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How to understand your spending

How to understand your spending

If you’ve ever looked at your bank account and had absolutely no idea where your money has gone, you’re not alone. 

Here are three easy steps to help you regain control of your spending.

Step 1: Investigate

You need to work out how much you’re spending each month and on what. Consider using an app, a Budget Planner or a spreadsheet to give this step some structure.

Pick an average month and make a note of everything you spend – think household expenses (for example rent, bills and groceries) and lifestyle expenses (for example gym membership, going out and clothes). Include any money you set aside for savings too.

Step 2: Categorise spending

Having figured out where your money goes, you can now categorise your spending. This helps you identify which of your spending habits you can tweak, entirely change or ditch altogether.

Some ideas for categorisation:

  • Food
  • Entertainment/ going out
  • Fitness
  • Bills
  • Childcare
  • Travel
  • Transport.

Total how much you’re spending in each category. Most people find this eye-opening and can quickly see where they can cut back. This exercise will also help you to prioritise your spending.

Spend Tracker in the CommBank app automatically categorises your transactions so you know exactly where your money is going.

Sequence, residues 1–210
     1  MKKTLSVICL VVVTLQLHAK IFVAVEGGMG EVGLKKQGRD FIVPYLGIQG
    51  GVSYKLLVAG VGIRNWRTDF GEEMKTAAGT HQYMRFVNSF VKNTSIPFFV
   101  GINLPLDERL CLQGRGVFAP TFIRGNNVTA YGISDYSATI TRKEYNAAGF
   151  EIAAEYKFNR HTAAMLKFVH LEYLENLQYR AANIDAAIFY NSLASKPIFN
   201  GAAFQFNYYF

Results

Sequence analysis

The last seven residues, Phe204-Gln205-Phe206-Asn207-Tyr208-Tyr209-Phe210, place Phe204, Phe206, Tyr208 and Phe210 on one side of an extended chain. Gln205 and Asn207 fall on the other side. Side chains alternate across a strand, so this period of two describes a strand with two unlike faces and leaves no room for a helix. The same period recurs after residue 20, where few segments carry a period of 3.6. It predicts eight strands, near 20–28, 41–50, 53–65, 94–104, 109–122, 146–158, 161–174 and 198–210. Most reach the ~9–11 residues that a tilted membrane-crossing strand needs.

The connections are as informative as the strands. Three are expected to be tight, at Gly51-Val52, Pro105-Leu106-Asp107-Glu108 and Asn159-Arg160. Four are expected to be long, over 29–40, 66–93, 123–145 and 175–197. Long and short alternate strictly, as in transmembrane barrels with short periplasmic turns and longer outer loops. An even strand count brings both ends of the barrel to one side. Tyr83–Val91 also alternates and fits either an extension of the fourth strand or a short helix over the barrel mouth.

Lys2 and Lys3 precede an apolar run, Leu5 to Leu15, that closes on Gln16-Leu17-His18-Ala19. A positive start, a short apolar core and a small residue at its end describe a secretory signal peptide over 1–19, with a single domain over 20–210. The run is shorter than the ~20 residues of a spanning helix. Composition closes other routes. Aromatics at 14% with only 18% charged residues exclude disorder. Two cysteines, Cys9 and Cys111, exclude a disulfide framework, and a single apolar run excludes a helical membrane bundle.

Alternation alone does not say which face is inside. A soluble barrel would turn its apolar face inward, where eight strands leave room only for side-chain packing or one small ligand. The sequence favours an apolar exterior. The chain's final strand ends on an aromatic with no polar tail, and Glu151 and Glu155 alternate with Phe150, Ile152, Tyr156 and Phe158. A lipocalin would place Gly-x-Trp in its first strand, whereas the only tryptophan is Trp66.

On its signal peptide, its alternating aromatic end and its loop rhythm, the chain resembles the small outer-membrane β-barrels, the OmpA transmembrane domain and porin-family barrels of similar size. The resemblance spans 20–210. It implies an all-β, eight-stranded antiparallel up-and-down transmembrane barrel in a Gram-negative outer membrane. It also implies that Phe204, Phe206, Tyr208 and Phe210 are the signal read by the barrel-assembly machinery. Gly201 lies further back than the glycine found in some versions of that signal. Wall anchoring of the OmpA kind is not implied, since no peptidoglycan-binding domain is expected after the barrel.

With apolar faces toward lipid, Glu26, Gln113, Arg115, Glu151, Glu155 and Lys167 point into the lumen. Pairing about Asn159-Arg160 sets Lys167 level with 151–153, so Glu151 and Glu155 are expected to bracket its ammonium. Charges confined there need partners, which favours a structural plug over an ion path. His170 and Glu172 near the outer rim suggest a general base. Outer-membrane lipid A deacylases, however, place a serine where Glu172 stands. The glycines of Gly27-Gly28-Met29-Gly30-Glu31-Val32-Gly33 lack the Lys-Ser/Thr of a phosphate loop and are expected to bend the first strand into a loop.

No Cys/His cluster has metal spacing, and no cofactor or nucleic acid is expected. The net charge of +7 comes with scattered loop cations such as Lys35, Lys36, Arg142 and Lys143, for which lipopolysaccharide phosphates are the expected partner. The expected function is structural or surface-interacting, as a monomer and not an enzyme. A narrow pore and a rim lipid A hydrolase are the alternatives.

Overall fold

Step 3: Know what and when

It's essential to know exactly what’s happening with your money so you can make the best financial decisions for you. We can help.

Turn on Transaction Notifications to be instantly notified every time you pay (or are charged) for something using your CommBank debit and credit cardNote this feature isn't currently available if you have an additional credit cardholder.

And then use Cash Flow View in the CommBank app to get a better picture of your income, spending and saving habits across your CommBank accounts. And see how you’re trending month-to-month.

Next up: How to manage your bills and automate payments

This article is intended to provide general information of an educational nature only. It does not have regard to the financial situation or needs of any reader and must not be relied upon as financial product advice.